World_Heritage_Logo_global png (Small)City and District of Divriği, Province of Sivas (Eastern Anatolia)
N39 22 16.576 E38 7 18.574
Date of Inscription: 1985
Criteria: (i)(iv)
Property : 2,016 ha
Ref: 358


Great Mosque and Hospital of Divriği
This region of Anatolia was conquered by the Turks at the beginning of the 11th century. In 1228–29 Emir Ahmet Shah founded a mosque, with its adjoining hospital, at Divrigi. The mosque has a single prayer room and is crowned by two cupolas. The highly sophisticated technique of vault construction, and a creative, exuberant type of decorative sculpture – particularly on the three doorways, in contrast to the unadorned walls of the interior – are the unique features of this masterpiece of Islamic architecture.

cami-genel-gorunum-ve-divrigi(5) (1)

Outstanding Universal Value

Brief synthesis
Located on the slopes below the castle of Divriği, Sivas Province in central eastern Turkey, the Great Mosque and Hospital of Divriği is a remarkable building combining a monumental hypostyle mosque with a two storey hospital, which includes a tomb. Founded by the Mengücekide emir Ahmed Shah following the victory of the Seljuk Turks over the Byzantine army at the battle of Malazgirt in 1071, the mosque is dominated externally by the hexagonal, pointed roofed dome over its mihrab (prayer niche), a cupola over the ablutions basin in the centre of the prayer hall and elaborately carved monumental stone portals on the north and west. Internally, four rows of four piers create five naves roofed by a variety of intricately carved stone vaults. The adjoining hospital, the Darush-shifa, was founded by Ahmet Shah’s wife Turan Melek and designed by the architect Hurrem Shah, in 1228-1229. It is entered via a monumental, elaborately carved stone portal on the west, leading into a double height atrium formed by four massive piers supporting a dome with an oculus over a central pool, around which are located the hospital rooms.

The highly sophisticated technique of vault construction and a creative, exuberant type of decorative sculpture – particularly on the three doorways, in contrast to the unadorned walls of the interior – are the unique features of this masterpiece of Islamic architecture. The variety of the carved decoration indicates that is was carried out by different groups of craftsmen. The main characteristic of the designs featured in the portals is their uniqueness: each is distinct from other decorations. As well as portals, all bases, shafts and capitals of the columns, and the inner surface of the dome and the vaults, were decorated in a distinct and unique style. There are no other examples of the three-dimensional and intricate geometric styles and flowing figures of plants. The vaulting of the hospital room is comparable in scientific achievement to that of the prayer hall of the Mosque, and shares the splendid unity of the Great Mosque.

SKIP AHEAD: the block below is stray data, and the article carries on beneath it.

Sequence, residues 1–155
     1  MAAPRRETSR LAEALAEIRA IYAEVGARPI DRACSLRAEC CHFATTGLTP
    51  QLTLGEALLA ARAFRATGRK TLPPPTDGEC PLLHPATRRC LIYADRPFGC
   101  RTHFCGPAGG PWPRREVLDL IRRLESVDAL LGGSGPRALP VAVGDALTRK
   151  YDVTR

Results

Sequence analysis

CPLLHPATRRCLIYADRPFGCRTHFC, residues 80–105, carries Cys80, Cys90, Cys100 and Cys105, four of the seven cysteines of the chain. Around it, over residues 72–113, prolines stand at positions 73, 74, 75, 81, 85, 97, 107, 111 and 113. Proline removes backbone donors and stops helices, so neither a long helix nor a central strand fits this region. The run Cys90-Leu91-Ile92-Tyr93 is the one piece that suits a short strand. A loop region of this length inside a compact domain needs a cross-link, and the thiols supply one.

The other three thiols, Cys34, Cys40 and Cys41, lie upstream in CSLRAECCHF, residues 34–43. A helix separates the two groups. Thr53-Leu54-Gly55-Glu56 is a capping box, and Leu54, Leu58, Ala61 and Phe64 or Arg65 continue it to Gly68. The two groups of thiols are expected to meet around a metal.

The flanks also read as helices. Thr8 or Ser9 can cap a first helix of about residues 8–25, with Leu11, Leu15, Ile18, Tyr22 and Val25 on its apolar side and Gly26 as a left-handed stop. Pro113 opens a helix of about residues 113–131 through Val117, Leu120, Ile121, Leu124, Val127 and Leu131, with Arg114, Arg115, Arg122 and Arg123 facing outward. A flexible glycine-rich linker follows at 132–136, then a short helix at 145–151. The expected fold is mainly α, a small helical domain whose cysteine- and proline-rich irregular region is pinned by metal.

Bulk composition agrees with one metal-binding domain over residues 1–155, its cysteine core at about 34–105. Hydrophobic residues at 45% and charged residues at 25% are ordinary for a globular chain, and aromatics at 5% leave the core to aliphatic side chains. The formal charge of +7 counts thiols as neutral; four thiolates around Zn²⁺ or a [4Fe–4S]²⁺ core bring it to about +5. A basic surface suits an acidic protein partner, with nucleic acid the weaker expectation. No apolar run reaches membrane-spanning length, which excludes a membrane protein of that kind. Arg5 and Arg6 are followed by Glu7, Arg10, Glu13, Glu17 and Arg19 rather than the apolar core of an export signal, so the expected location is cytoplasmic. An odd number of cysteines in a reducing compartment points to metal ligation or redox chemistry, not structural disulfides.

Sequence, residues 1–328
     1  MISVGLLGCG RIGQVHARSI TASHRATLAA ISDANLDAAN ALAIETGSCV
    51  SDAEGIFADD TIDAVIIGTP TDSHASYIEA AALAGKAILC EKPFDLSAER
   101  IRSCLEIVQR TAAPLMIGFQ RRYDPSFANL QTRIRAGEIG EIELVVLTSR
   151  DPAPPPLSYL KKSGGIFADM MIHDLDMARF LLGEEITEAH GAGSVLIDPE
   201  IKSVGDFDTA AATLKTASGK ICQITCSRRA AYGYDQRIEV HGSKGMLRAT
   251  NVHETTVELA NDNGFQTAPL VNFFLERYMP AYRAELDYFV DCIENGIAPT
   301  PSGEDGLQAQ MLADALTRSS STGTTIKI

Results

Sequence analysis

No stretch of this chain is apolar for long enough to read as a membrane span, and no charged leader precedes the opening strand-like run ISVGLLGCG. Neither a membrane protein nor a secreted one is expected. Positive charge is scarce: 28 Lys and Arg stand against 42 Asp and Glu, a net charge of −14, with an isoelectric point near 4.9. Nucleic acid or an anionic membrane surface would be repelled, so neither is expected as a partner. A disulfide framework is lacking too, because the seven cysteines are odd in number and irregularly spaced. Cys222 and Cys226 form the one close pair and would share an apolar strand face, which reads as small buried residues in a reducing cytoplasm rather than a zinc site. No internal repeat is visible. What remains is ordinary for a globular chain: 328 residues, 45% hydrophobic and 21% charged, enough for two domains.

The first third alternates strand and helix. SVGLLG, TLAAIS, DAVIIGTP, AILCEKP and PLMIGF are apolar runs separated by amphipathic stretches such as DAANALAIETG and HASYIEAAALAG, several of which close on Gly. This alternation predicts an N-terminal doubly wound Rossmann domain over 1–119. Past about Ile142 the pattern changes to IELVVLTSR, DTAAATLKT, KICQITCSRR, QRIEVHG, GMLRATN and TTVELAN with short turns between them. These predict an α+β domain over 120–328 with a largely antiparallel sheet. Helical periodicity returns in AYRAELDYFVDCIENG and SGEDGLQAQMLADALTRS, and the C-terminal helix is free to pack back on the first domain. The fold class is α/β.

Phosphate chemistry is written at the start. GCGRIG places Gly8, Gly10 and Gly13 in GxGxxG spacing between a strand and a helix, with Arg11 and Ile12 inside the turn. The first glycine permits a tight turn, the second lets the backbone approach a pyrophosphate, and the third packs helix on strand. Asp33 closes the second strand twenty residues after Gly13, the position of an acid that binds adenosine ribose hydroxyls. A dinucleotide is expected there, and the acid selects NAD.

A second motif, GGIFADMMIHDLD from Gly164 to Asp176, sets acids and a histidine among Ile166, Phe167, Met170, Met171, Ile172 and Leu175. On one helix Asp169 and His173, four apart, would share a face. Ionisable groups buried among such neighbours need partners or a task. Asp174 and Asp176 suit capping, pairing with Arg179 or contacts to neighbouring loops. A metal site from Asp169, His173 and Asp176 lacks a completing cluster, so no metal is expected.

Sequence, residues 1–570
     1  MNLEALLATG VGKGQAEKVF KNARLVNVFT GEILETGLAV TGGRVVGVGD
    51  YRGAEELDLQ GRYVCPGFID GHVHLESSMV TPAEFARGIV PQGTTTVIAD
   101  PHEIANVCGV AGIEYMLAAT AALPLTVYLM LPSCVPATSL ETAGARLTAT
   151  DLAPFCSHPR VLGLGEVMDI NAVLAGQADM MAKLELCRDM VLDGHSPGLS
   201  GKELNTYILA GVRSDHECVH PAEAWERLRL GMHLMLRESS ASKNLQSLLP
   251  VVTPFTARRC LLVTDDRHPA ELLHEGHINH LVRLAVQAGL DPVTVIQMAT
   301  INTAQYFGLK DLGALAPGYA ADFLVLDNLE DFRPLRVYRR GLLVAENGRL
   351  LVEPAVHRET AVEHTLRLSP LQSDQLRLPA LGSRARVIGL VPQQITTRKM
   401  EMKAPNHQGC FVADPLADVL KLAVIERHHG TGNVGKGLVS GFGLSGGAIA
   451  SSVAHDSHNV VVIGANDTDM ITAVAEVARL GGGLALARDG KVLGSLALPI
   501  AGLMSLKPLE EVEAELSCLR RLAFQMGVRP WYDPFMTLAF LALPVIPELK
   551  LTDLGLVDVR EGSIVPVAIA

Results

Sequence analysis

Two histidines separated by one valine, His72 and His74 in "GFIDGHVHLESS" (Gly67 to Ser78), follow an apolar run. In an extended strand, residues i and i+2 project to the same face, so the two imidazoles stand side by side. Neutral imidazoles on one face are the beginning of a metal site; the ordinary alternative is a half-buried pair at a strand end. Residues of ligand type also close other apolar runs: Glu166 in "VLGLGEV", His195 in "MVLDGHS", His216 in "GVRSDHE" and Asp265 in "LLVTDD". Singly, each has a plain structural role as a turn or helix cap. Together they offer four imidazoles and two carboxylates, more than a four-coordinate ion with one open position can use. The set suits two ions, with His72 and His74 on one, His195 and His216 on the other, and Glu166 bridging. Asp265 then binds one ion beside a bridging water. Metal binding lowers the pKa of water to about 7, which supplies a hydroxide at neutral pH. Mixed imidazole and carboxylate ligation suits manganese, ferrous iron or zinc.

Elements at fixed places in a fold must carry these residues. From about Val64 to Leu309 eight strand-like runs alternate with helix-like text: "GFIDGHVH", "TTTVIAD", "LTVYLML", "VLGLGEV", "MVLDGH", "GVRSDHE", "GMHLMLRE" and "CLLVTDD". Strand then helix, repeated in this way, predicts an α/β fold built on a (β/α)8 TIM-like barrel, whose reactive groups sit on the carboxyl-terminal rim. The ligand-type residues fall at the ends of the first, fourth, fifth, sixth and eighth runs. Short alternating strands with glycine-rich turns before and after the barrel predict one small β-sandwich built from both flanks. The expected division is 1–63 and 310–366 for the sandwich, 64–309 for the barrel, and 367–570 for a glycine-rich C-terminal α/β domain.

Criterion (i): A unique artistic achievement, this cultural property in itself represents one of Islamic architecture’s most beautiful built spaces.

Criterion (iv): The Divriği Mosque is an outstanding example of a Seljuk mosque in Anatolia, as it neither has a courtyard, colonnades nor an uncovered ablutions basin, but rather organizes all religious functions in an enclosed area, owing perhaps to the harshness of the climate. A charitable foundation, the contiguous hospital makes an already exceptional ensemble even more interesting, thanks to a princely command.

The Great Mosque and Hospital of Divriği remain intact retaining the key attributes carrying Outstanding Universal Value. The stone ornamentations are vulnerable to the effects of atmosphere, humidity and salt, and the building is vulnerable to drainage problems. Also the setting of the complex is vulnerable to the impact of surrounding development.
Within the framework of the ongoing expropriation processes of private properties in the close vicinity of the Divriği Great Mosque and Hospital, launched in 2009 by the Governor of Sivas, a number of buildings were demolished in order to minimize the impact of surrounding development on the historic setting. In addition, a landscaping project to design walking paths and visitor facilities will begin after the completion of the second phase of expropriation program.

The Divriği Great Mosque and Hospital complex has been restored several times. According to inscriptions, intensive restoration was carried out between the 15th and 19th centuries. In the 20th century work was done to prevent material deterioration and mitigate static problems. But the property retains its authenticity in terms of form, substance, design and materials.